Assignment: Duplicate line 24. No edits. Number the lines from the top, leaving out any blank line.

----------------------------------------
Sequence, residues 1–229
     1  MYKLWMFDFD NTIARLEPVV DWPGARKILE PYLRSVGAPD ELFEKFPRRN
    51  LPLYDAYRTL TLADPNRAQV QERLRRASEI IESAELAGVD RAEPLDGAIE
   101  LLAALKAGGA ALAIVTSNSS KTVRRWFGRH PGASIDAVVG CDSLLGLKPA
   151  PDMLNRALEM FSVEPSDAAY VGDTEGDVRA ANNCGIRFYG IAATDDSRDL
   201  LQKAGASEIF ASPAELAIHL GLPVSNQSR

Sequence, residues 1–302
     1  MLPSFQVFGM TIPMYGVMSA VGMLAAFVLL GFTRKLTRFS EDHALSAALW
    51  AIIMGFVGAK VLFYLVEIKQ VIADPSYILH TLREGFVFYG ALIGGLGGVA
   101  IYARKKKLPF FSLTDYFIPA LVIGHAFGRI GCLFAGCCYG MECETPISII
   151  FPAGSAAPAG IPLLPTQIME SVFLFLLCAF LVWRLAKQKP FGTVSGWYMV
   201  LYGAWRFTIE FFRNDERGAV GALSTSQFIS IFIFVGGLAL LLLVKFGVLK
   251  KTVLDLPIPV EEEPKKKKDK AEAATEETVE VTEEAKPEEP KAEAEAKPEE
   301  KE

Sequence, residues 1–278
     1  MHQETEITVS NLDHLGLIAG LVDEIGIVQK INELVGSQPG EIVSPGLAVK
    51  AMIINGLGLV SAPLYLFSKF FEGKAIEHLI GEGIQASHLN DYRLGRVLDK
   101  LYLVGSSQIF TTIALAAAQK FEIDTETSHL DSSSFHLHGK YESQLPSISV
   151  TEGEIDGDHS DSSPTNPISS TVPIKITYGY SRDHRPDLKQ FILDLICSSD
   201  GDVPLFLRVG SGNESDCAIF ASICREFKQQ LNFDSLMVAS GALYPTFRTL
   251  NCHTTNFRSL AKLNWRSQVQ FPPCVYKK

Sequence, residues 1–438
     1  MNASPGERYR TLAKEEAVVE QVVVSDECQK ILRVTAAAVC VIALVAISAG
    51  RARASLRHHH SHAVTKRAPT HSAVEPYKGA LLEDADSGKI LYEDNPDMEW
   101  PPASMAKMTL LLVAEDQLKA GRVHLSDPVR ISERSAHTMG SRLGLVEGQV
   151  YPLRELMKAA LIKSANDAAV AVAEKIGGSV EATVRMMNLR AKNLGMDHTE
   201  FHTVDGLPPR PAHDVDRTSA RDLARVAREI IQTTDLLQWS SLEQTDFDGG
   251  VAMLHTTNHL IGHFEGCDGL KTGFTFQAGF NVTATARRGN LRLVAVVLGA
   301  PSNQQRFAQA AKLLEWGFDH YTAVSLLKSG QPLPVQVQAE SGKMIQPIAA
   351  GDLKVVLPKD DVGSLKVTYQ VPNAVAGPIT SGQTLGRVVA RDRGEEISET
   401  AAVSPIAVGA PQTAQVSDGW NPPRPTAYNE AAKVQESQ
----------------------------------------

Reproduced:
    51  RARASLRHHH SHAVTKRAPT HSAVEPYKGA LLEDADSGKI LYEDNPDMEW